Florida may offer endless saltwater fly-fishing opportunities, but most of them require a boat and a guide, which can limit your options. One notable exception, however, is walking the beaches and fishing for snook, which is perfect for anglers looking for an easy DIY saltwater experience in the Sunshine State. The action is best from May through early September, when the water is warmest and the snook are actively cruising up and down the beaches between spawning sessions. You can catch snook on both coasts of Florida, but mostly south of Tampa/Melbourne. While the specifics of fly and gear selection can vary based on local conditions, the best strategies for approaching these fish are fairly universal, so if you get a chance to try beach snook fishing this summer, here are 5 tips to keep in mind:
1. Keep the Sun at your Back
It may be tempting to start at the crack of dawn, but being able to see the snook as they swim along the shoreline is usually vital to your success, and you won’t be able to sightfish until the sun rises a bit higher in the sky. If you’re on the Gulf side (looking westward), the best time to go is mid-morning, but if you’re on the Atlantic side (looking eastward), you’ll want to wait until noon or later to ensure the sun isn’t shining directly into your face as you look for fish.
2. Pick a Nice, Calm Day
If your schedule is flexible, try to choose weekdays with the calmest winds and brightest sun to maximize your ability to sightfish. Bonus points if the high tide happens while you’re there, since the fish will cruise closer to shore when the water is high. If it’s cloudy and/or windy–especially if the wind is blowing on-shore–or if the water is still dirty from windy days earlier in the week, beach fishing can shut down to the point that it’s hardly worthwhile.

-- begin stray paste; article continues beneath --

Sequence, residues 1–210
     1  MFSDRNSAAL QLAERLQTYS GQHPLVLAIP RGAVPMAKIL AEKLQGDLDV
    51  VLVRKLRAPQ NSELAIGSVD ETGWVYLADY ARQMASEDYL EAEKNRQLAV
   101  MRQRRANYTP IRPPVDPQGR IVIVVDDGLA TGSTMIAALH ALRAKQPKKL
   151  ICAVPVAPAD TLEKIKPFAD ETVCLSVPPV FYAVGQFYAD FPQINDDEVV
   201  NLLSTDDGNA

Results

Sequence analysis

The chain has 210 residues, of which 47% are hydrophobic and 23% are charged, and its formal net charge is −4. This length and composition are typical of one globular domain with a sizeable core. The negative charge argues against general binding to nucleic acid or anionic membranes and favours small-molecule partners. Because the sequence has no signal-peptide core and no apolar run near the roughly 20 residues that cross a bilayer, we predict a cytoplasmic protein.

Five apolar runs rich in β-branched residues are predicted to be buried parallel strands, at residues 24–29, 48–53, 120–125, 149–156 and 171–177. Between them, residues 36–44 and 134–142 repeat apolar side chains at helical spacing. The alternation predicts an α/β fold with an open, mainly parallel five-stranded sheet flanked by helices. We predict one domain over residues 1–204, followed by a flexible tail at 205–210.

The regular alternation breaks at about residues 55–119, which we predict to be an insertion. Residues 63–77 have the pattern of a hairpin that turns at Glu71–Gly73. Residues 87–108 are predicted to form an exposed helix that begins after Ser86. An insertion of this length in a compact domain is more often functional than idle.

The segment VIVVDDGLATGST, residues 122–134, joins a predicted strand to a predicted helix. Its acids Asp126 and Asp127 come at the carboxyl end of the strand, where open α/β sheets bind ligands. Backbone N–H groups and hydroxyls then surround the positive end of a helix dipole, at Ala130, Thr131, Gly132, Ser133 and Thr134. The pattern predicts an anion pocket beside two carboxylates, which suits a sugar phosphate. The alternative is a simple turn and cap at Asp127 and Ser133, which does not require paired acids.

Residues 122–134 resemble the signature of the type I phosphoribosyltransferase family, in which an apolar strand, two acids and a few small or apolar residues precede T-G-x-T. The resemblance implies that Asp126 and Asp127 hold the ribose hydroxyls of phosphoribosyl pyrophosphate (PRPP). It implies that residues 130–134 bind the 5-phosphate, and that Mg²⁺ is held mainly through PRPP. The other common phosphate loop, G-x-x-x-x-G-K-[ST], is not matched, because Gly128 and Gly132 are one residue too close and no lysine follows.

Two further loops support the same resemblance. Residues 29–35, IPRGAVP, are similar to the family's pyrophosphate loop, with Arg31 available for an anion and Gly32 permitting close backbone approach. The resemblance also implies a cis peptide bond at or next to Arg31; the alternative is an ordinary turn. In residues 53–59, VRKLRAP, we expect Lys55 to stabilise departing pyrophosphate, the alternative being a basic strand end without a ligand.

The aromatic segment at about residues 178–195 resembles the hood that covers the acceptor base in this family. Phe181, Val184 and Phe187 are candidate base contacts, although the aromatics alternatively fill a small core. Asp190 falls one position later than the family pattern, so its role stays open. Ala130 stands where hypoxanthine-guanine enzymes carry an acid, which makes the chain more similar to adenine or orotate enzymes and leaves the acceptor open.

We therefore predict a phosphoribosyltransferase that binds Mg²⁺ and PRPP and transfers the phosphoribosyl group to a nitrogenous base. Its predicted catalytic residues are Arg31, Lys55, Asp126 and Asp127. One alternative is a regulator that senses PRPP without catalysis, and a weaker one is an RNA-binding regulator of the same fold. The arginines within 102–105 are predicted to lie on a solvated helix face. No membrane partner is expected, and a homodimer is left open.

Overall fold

3. Walk as Far as you Can
Most access points will be crowded with casual beachgoers, and while they don’t tend to stray too far from the parking lot, you should still come prepared for a long walk. Bring plenty of water, snacks, good sun protection, and sturdy footwear that won’t let sand in. (I’ve been getting good use out of the Pro Approach Hiker wading boots lately.) The more miles of beach you can cover in a day, the more likely you are to find some willing fish.
4. Vary your Retrieve
Snook are notorious for following flies without eating them, and frankly, that’s just part of the experience no matter what fly or technique you use. You can, however, boost your chances of convincing them to eat by varying the speed and length of your retrieve. I try to imitate the erratic movements of a dying baitfish that is struggling to stay upright by giving my fly a few short, quick bumps followed by a brief pause, and then a long, slow strip or two, followed by another pause. Mix it up until you find a cadence that starts to draw strikes.
5. Work your Fly All the Way In
Regardless of whether you can see snook following your fly or not, be sure to retrieve it all the way through the turbulent “wash” right at the shoreline. It may not look deep enough to hold fish, but snook like to take advantage of its disorienting effects on baitfish, and it’s not uncommon to hook a fish you never saw while your fly is tumbling through this final zone.
Evan Jones is the assistant editor of the Orvis Fly Fishing blog. He spent a decade living on the Florida coast and now lives in Colorado.